Dangerous air pollution is recorded at a quarter of English hospitals: Figures show toxic particles affect more than 10 MILLION patients
- Over 248 hospitals – 17 per cent in UK – have unsafe toxic particle levels in the air
- So 10.5million a year exposed to unhealthy fumes when at their most vulnerable
- Shocking findings were last night branded as ‘unacceptable’ by health experts
One in six hospitals in Britain are sited in areas with dangerous air pollution, research suggests.
More than 248 hospital sites – 17 per cent of all those in the UK – have unsafe levels of toxic particles in the air.
But as much as a quarter of those in England alone are in areas that exceed the limit.
It means 10.5million patients in the UK every year are exposed to unhealthy fumes when their health is already at its most vulnerable.
The findings, compiled by environmental campaigning network UK100, was last night greeted as ‘unacceptable’ by health experts.
Two of the biggest children’s hospitals in the country, Great Ormond Street Hospital (pictured) and Birmingham’s Children Hospital, are located in areas with unsafe levels of pollution
Simon Stevens, chief executive of NHS England, welcoming the research, said: ‘Air pollution causes thousands of avoidable hospital admissions and early deaths every year, and affects more than 2,000 GP surgeries and hospitals.
‘Although the NHS can take practical steps to reduce our impact on the environment, as well as treating those suffering the consequences of poor air, we can’t win this fight alone, so the growing consensus on the need for wider action across society is welcome.’
The researchers analysed levels of tiny sooty particles known as PM2.5, which are particularly linked to the emissions of diesel cars.
Simon Stevens (pictured), chief executive of NHS England, welcoming the research, said: ‘Air pollution causes thousands of avoidable hospital admissions and early deaths every year, and affects more than 2,000 GP surgeries and hospitals’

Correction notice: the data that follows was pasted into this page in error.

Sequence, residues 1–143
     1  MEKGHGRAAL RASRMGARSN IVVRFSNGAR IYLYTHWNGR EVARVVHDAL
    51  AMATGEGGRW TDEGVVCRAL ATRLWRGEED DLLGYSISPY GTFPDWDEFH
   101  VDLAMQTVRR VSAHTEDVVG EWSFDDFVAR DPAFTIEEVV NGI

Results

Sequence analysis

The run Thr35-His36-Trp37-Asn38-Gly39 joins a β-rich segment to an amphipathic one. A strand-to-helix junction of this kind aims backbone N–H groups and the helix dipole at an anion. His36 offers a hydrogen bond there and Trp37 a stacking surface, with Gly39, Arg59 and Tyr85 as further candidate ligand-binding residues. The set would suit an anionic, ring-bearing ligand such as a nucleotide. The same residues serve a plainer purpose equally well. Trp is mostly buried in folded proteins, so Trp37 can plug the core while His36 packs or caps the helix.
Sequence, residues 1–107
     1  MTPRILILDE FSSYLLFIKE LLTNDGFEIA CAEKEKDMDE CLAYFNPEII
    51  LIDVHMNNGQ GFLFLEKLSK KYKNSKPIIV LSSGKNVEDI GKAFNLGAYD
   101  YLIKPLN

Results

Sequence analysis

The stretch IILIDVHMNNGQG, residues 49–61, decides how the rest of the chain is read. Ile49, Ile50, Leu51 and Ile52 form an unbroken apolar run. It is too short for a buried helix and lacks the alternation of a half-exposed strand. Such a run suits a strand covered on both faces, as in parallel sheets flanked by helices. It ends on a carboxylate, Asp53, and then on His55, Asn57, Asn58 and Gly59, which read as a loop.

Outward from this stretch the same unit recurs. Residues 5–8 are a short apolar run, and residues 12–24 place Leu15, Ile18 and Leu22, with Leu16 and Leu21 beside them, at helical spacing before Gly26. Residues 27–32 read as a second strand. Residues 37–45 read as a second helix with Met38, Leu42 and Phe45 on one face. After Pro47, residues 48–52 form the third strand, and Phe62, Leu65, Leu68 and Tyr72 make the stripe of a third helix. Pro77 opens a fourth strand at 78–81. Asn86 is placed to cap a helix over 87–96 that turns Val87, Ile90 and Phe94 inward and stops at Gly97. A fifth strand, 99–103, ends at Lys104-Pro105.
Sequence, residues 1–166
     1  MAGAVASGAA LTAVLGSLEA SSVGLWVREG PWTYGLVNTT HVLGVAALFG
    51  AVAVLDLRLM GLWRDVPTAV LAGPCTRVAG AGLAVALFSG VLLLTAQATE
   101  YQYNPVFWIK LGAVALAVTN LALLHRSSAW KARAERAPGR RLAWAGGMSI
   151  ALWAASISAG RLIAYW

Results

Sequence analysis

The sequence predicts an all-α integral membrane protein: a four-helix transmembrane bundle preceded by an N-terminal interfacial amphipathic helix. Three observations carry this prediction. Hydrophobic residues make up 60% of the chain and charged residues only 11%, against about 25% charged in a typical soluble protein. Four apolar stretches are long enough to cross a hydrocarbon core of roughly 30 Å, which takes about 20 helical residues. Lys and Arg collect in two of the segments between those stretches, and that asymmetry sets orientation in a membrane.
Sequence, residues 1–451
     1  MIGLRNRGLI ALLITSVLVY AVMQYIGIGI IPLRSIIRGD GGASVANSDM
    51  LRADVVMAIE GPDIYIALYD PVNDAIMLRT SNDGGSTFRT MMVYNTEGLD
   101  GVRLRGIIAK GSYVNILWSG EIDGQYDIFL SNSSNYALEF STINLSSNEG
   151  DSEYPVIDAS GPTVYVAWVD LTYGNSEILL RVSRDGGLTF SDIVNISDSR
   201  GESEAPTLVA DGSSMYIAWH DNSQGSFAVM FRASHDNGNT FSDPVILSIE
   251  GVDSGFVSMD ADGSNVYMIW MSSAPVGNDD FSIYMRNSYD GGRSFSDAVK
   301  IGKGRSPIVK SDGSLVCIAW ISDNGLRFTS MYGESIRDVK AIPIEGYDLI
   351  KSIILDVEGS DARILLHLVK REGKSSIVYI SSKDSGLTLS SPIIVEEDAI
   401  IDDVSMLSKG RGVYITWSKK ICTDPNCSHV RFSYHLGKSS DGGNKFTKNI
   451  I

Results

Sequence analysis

These particles are inhaled deep into the lungs, contributing to diseases such as lung cancer, strokes, diabetes and dementia.
They found London is the worst affected, with 72 per cent of hospitals in areas with unsafe PM2.5 levels.
Two of the biggest children’s hospitals in the country, Great Ormond Street Hospital and Birmingham’s Children Hospital, are located in areas with unsafe levels of pollution.
Polly Billington, director of the UK100 network, said: ‘We urgently need to reduce emissions caused by transport and industrial fumes.
Polly Billington (pictured), director of the UK100 network, said: ‘We urgently need to reduce emissions caused by transport and industrial fumes’
‘Local authorities, the NHS and businesses can work together to reduce non-emergency car journeys and the emissions caused by deliveries to hospitals.
‘But we urgently need new laws and funding from government to tackle this health crisis including clean air zones around city hospitals.’
Dr Penny Woods, chief executive of the British Lung Foundation, added: ‘Air pollution may be invisible, but the potentially deadly consequences are very real: it can cause lung cancer, stunt children’s lung growth and makes it even harder to breathe for people with existing lung disease.
‘It’s unacceptable that vulnerable people with NHS appointments are being exposed to toxic air that could make their health worse, and health care professionals have no choice but to breathe air pollution at work. The Government must act now, for the sake of all our health.’
The UK is notoriously bad at controlling air pollution, with 37 cities British cities persistently displaying ‘illegal’ levels of air pollution – which has seen the Government repeatedly hauled into court over the last few years.
The Government’s Clean Air Strategy, promising action to reduce emissions from a variety of sources, was published earlier this year.
But experts said its targets fell well short of international recommendations.